The Grimsby Institute held two Diwali themed events for learners this week, with almost 400 learners finding out more about the festival with music, dancing and traditional food.
Diwali is known as the festival of lights and is essentially the celebration of good triumphing over evil and is celebrated over five days by Hindus, Sikhs and Jains and some Buddhists in a variety of ways.
Diwali falls on a different date each year, traditionally falling between mid-October and mid-November and is dictated by the Hindu Lunar Calendar.
Learners were invited to the theatre in the Grimsby School of Art where Virginia Collins, Quality Manager – Community Manager & Flexible Learning, spoke about the festival and introduced a specially-created dance performance and guest speaker.
Guest speaker, Harshad Taylor, Grimsby Institute’s Executive Director of ICT & Learning Technology, spoke to staff and learners about the importance of Diwali in his family. Harshad said:
“Diwali signifies the triumph of good over evil and light over darkness. A lot of people have heard of Diwali but do they know how it is celebrated and what happens during the celebrations? Diwali is one of the biggest things in the Hindu calendar because it also coincides with the Hindu New Year. It’s a really vibrant time for us.
“The kids love it because they get a lot of sweet things to eat and a lot of gifts and it’s good to get together with friends and families. The local Hindu Temple in Grimsby is open to everyone. Anyone from any religion or background can attend. I wish everyone a Happy Diwali and a Happy New Year.”
Level 2 Performing Arts learners performed a special Diwali themed dance, Choreographed by Tutor, Stephanie Greenwood, with music created by BA Creative Music Student, Somansh Kumar Pal, who also assisted with the Choreography. Somansh, 20, said:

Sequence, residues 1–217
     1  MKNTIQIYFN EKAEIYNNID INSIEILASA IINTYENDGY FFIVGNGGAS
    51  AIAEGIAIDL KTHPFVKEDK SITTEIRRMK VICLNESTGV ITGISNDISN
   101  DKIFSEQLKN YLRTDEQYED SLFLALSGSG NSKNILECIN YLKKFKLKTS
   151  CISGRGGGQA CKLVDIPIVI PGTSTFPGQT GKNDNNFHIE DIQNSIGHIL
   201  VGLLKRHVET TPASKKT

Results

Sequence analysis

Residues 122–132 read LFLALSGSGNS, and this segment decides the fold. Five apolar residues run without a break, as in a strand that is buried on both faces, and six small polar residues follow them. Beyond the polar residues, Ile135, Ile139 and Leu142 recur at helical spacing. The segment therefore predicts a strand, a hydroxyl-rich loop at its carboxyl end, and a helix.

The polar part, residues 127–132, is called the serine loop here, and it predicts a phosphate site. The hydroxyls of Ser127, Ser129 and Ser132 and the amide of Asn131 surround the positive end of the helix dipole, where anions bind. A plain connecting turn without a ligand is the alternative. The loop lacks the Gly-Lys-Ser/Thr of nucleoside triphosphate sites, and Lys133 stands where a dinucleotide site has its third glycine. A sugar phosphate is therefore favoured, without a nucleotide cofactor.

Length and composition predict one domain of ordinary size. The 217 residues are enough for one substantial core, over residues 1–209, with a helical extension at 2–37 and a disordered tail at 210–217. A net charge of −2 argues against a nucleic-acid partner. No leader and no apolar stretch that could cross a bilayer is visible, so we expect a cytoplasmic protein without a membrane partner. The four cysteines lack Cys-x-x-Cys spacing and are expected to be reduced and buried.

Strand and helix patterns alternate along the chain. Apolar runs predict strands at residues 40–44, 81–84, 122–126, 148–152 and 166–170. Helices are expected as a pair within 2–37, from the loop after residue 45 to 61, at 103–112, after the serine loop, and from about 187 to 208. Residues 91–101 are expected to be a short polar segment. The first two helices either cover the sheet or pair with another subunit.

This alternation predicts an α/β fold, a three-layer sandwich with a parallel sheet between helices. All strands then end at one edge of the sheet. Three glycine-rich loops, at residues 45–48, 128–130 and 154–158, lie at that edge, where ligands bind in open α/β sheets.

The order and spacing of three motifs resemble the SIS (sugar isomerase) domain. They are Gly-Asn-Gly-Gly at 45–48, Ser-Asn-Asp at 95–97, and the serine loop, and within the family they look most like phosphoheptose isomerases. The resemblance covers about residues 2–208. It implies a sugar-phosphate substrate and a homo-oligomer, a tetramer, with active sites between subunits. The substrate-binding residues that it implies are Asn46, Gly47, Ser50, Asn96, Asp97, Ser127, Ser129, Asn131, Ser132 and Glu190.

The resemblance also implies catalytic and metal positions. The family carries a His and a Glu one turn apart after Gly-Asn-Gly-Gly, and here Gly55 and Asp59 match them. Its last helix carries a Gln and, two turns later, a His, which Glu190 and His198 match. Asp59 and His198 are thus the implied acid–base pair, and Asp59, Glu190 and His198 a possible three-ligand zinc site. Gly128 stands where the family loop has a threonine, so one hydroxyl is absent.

“I composed the piece that the learners danced to and Stephanie and I choreographed the dance. I even got one of my friends to sing on the track. It took about three weeks to create. I’ve really enjoyed it. Diwali is all about celebrating with everyone, loving each other, and celebrating peace. It’s also about analysing what you have done over the last year and deciding what you can do better next year.”
Learners were also given the chance to sample some mithai, traditional sweets made for Diwali, with learners from Care, Brickwork, Fabrication & Welding joined by many other areas for the event.
Brett Vauvert, Brickwork Tutor, said: “I’d just like to say what a fantastic show we have sat through this afternoon, I personally found it extremely educational and interesting. As a tutor that enjoys surprising his learners my group where 100% oblivious to what they were attending this afternoon, their reaction was complimentary to all involved in the Diwali session and they were engaged throughout.
“On discussing it afterwards, all of the learners were extremely positive and now have a clear understanding of the festival. The learners even commented on the dancers saying ‘how brave and confident they were’ and ‘I dare to walk on a building site and ask for a job, I couldn’t do that in front of all those people’ A great show, great experience and well done to all involved.”